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GE in talks to merge aircraft leasing unit with AerCap

The talks, first reported late Sunday in the Wall Street Journal, were confirmed Tuesday morning by AerCap (AER), the Ireland-based leasing giant — though the firm cautioned it could not guarantee a deal will be finalized. GE did not respond to a request for comment.

The Journal report had said Sunday that a deal was close, and that it would be worth more than $30 billion.

As recently as January 2019, GE (GE) CEO Larry Culp told investors during an earnings call that the company had “no plans to sell GECAS,” its aircraft leasing business. But the plunge in air travel caused by the Covid-19 pandemic proved to be a body blow to the business.

GECAS is now the majority of what’s left of the once massive GE Capital unit, accounting for nearly $4 billion of its $7.2 billion in revenue in 2020.

Just a few years ago, GE Capital was the company’s largest business unit. But the overall conglomerate has been in trouble for years, and GE has been busy reshaping and slimming down. GE sold off most of the real estate and other assets from GE Capital in 2015, followed by selling the appliance business in 2016 and its iconic light bulb business in 2020, among other offloading. And in 2018, GE cut its dividend to a penny a share to save cash.

The aircraft leasing business took a particular hit over the last year, as cash-strapped airlines around the world had trouble making payments to GECAS — with only 84{41490b4d0cf0dbc5ec3f65e11fff509c7d6ed2a53a838ebf7adf43f0908f07f3} of the unit’s invoices paid in 2020.

It had also been forced to write down the worth of the planes, which are now valued at $35 billion. The unit’s 2020 revenue was down nearly one fifth from the year prior, and it swung from a $1 billion profit in 2019 to a $786 million loss last year.

Meanwhile AerCap took a similar financial hit, also swinging from a $1 billion 2019 profit to a 2020 loss.

Shares of both GE and AerCap rose in Monday trading following the Wall Street Journal report about a deal being close. Shares of AerCap rose 13{41490b4d0cf0dbc5ec3f65e11fff509c7d6ed2a53a838ebf7adf43f0908f07f3} Monday to hit their highest point since February 2020, just before the pandemic started to affect air travel broadly.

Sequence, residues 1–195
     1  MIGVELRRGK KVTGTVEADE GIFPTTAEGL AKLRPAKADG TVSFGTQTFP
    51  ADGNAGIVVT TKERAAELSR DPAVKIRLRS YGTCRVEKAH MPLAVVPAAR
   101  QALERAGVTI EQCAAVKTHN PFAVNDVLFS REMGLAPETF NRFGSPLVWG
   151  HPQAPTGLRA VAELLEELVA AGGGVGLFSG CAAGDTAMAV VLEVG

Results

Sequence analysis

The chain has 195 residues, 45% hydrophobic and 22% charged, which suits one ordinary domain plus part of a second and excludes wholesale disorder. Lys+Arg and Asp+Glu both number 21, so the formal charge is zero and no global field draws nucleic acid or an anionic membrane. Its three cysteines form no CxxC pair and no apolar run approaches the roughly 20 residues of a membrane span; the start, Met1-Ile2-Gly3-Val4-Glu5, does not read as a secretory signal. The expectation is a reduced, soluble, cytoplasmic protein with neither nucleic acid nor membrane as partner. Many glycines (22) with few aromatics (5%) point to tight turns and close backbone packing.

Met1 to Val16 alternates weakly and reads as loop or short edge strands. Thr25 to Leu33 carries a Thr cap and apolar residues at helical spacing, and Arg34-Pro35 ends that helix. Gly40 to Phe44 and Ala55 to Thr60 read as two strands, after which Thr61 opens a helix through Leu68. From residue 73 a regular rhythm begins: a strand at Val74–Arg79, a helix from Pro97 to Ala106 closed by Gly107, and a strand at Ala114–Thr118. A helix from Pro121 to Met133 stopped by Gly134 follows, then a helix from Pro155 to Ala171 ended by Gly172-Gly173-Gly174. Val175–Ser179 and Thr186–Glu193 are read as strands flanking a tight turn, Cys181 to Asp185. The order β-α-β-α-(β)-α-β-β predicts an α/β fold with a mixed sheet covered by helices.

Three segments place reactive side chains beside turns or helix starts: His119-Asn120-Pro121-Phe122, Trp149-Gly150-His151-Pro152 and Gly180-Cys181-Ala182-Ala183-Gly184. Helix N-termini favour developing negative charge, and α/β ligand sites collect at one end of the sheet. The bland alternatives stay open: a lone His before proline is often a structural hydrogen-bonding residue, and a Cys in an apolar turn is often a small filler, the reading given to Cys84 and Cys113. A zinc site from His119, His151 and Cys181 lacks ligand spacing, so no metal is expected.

GE shares rallied 4{41490b4d0cf0dbc5ec3f65e11fff509c7d6ed2a53a838ebf7adf43f0908f07f3} to have their highest close in nearly three years. Both shares were slightly lower in trading Tuesday after the deal was not announced before the US market open.

Analysts said Monday if there is a deal, it could be good for both companies.

“We would view such a combination as a ‘win-win’ for both parties, offering substantial synergies and market leading position for AerCap, and could represent a further simplification of GE’s portfolio and shrinkage of GE Capital, which investors would welcome,” said Julian Mitchell, a Barclays analyst who follows GE.

But others questioned GE’s timing of the sale. With the rollout of the Covid-19 vaccine raising hopes of a return to more frequent air travel later this year, it may be that GE is selling the unit at time when its value is near its low point, said John Inch, an analyst for Gordon Haskett Research Advisors.
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Meanwhile, the leasing business could be poised for a boost as airlines that would usually buy aircraft with cash in better times are now instead turning to financing options like leasing to add more planes.

“Airlines’ balance sheets look likely to remain strained for some time,” said Mitchell.

But there could be more pain ahead for the combined leasing company formed by this deal, especially if airlines are forced into bankruptcy by the ongoing crisis in international travel, according to Eric Bernardini, co-leader of the aerospace, defense and aviation practice at consulting firm AlixPartners.

“We think it will be more difficult in the next 12 to 18 months,” Bernardini said. “Our view is the market is not really improving right away. I think it will be a tough slog.”